Creating a Teacher-Driven Professional Development Program
Teachers instruct, while administrators or coaches observe and provide a list of areas for improvement. This is the standard professional development structure. When instructional leaders provide teachers with the opportunity to self-assess and reflect on their own practises, professional development becomes more useful and meaningful, as shown in the following example. A teacher-driven professional development plan motivates teachers to be enthusiastic about learning and invested in the opportunity to grow.
TAKE YOUR TIME AND MAKE A PLANNING.
Allow plenty of time for the development of long-term plans when developing a teacher-driven professional development programme. Teachers at my school, the Academy for Leadership at Millcreek Elementary, began the process of teacher-driven professional development a full year before it was implemented by a team of instructional leaders.
Ensure that the rubric and professional learning plans are aligned with any district-mandated professional growth plans in order to get the most out of the programme. The buy-in of teachers is an essential first step in the process. Teachers must have a say in the decision-making process in order to gain their support. Make a connection between educational reading and classroom experience during team planning. To brainstorm goals, consider using the framework “What makes effective teaching?”
We discovered five characteristics of effective teaching based on our observations: differentiation; questioning; feedback; cognitive engagement; and academic rigour, among others. We developed a rubric based on the characteristics to evaluate the various levels of performance for each of the individuals. The list contained the best practises that the majority of teachers considered to be the most effective.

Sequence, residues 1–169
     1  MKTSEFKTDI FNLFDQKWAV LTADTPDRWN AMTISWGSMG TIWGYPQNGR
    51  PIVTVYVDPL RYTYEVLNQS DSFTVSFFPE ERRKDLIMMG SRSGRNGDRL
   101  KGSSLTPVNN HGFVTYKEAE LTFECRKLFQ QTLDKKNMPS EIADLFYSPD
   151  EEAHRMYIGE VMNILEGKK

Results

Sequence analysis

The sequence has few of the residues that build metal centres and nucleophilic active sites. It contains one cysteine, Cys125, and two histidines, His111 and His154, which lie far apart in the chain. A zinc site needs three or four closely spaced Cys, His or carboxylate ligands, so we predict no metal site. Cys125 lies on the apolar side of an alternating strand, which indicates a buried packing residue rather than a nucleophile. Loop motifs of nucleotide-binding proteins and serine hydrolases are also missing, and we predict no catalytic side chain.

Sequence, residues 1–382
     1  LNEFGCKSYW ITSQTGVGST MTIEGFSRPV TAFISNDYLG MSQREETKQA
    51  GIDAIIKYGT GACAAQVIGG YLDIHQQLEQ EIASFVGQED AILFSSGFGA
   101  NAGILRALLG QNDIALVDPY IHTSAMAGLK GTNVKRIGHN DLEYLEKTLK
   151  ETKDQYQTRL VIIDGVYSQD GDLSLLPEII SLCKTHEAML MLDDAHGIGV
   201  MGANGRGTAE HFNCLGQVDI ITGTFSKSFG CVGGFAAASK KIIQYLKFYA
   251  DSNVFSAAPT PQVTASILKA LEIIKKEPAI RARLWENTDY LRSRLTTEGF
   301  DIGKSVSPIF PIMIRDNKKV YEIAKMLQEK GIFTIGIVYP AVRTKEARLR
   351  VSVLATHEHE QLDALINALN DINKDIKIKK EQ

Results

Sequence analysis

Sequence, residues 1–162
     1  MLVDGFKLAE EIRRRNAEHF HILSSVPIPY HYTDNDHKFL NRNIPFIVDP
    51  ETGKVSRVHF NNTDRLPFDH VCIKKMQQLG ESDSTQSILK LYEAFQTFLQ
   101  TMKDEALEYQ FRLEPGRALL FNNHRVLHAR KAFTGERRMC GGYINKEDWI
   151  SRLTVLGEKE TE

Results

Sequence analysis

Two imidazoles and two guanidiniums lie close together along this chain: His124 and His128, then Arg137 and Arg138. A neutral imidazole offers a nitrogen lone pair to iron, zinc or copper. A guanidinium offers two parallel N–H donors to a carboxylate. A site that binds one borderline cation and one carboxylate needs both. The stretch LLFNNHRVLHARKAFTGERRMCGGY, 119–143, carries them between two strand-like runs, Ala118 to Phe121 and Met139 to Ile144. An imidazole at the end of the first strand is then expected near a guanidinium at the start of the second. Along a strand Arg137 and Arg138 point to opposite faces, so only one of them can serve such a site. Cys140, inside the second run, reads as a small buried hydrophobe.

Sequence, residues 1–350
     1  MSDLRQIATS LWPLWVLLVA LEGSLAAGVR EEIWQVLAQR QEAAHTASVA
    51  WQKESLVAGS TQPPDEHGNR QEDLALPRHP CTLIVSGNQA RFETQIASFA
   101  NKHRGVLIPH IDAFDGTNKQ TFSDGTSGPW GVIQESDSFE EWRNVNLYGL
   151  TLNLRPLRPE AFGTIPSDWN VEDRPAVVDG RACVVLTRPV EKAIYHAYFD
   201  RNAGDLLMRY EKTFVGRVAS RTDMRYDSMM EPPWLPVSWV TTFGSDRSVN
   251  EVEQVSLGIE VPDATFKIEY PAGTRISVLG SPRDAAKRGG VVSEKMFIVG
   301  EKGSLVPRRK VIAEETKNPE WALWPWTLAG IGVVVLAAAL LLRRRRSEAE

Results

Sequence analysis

Create a rubric to be used to evaluate the various levels of performance for each. To give you an example, we used the following evaluation criteria: ineffective; developing; competent; and exemplary. Teachers can provide input in a more objective manner when a framework is designed for them. Once a plan has been established, collaborate with teachers to determine the most effective ways to put what they have learned into practise in their respective classrooms.
USE REAL-WORLD EXAMPLES
In order to capture a typical day of instruction, the instructional leadership team asked all teachers (classroom teachers, special education teachers, special area teachers, and intervention teachers) to videotape a lesson from their classrooms. Pre-assessment activities included teachers watching their own video before beginning the professional learning session. The teachers gave themselves ratings in each of the rubric’s categories. To ensure that it was a true self-assessment of their strengths and weaknesses on a regular day of instruction, teachers completed this work independently.